Postgraduate Course: Governance, Development and Poverty in Africa (PGSP11327)
|School||School of Social and Political Science
||College||College of Humanities and Social Science
|Credit level (Normal year taken)||SCQF Level 11 (Postgraduate)
||Availability||Available to all students
|Summary||African states are often characterized as dysfunctional or failing to deliver public services and uphold the rule of law. Drawing on the academic literature and empirical research the course examines key issues linked to governance including the implementation of development policies, food security, corruption and the expansion of criminal networks in Africa. The course situates the debates on good governance, development and poverty alleviation in their historical, social and political context to enable students to critically engage with development in theory and practice.
Week 1: Outline and introduction
Week 2: From Government to Governance
Week 3: Good Governance
Week 4: Local Governance and twilight institutions
Week 5: Bifurcated governance and traditional authorities
No class: Innovative learning week
Week 6: Governing civil society
Week 7: Unpacking development projects
Week 8: Exploring the development interface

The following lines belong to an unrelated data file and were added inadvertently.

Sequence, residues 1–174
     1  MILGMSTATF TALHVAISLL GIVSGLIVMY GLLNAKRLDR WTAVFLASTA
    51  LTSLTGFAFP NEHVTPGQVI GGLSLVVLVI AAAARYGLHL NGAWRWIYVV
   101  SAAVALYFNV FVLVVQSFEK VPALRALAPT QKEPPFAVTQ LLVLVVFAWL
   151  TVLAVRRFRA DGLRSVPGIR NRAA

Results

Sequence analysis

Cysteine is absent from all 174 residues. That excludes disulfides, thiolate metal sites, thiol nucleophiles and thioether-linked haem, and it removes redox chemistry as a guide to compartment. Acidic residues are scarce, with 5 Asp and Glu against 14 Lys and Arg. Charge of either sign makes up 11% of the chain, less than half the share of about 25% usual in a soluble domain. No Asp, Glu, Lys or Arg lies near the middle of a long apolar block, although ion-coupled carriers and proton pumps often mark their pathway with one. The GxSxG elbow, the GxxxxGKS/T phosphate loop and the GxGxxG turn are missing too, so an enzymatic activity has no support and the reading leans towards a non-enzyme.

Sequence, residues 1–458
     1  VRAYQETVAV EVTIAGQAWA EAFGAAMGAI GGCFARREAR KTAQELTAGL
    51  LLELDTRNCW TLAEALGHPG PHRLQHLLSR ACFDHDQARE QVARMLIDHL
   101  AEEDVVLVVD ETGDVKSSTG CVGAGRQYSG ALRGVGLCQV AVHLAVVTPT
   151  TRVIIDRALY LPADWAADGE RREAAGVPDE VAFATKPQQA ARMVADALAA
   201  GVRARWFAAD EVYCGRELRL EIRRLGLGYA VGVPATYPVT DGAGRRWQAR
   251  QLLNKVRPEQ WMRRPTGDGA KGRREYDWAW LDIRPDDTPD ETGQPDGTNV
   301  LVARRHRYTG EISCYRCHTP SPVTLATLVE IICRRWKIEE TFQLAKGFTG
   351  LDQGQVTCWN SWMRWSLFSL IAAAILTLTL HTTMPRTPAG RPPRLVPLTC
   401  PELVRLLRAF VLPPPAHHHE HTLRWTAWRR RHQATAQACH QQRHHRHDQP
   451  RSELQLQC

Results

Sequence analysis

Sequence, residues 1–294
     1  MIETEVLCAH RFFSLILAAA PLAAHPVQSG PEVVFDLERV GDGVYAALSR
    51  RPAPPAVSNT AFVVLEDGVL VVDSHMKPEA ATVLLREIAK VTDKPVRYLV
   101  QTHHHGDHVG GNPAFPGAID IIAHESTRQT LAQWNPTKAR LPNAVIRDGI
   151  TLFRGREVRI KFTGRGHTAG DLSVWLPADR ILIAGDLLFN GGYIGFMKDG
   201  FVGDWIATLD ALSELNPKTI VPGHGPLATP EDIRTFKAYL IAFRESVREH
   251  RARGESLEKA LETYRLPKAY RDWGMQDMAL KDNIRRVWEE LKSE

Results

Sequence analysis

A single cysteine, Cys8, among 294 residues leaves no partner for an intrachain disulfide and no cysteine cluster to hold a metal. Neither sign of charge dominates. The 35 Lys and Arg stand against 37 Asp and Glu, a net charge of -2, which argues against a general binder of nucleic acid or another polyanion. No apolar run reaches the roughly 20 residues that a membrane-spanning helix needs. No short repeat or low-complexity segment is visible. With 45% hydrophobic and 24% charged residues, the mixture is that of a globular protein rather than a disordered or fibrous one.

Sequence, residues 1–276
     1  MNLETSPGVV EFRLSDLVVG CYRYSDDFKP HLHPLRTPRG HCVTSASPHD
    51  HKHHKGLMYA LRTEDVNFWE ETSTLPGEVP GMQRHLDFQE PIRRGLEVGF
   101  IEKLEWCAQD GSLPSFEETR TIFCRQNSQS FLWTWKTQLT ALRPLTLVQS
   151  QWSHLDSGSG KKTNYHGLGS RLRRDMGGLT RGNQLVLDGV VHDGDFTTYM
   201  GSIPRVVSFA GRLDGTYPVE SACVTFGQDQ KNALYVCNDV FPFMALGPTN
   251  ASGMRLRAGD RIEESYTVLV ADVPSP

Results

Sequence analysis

Week 9: Politics of the belly and corruption
Week 10: Understanding corrupt practices
Entry Requirements (not applicable to Visiting Students)
||Other requirements|| None
Information for Visiting Students
|High Demand Course?
Course Delivery Information
|Academic year 2015/16, Available to all students (SV1)
|Learning and Teaching activities (Further Info)
Lecture Hours 10,
Seminar/Tutorial Hours 10,
Programme Level Learning and Teaching Hours 4,
Directed Learning and Independent Learning Hours
|Assessment (Further Info)
|Additional Information (Assessment)
||The course is assessed by one short essay (maximum 1000 words - counting 25%) and one long essay (maximum 3000 words - counting 75%).
|No Exam Information
On completion of this course, the student will be able to:
- Familiarity with academic and policy debates about governance and the postcolonial state in the context of development in Sub-Saharan Africa.
- Ability to contextualise these theories against the historical background and debates about contemporary Africa and its place in the world.
- Understanding of the importance of academic analyses of development and poverty in Africa for work in international development.
|Please check the course handbook for the latest reading list-|
Ake, C. 1996. 'The Development Paradigm and its Politics', in Democracy and Development in Africa.
Blundo, G. and J.-P. Olivier de Sardan, eds. 2006. Everyday Corruption and the State.
Bush, R. 2007. Poverty and Neoliberalism: Persistence and Reproduction in the Global South.
Cooper, F. and R. Packard, eds. 1997. International Development the Social Sciences: Essays on the History and Politics of Knowledge.
Ferguson, J. 2006. Global Shadows: Africa in the Neoliberal World Order.
Long, N. 2001. Development Sociology: Actor Perspectives.
|Graduate Attributes and Skills
|Course organiser||Dr Gerhard Anders
Tel: (0131 6)51 3178
|Course secretary||Ms Jessica Barton
Tel: (0131 6)51 5066
© Copyright 2015 The University of Edinburgh - 18 January 2016 4:39 am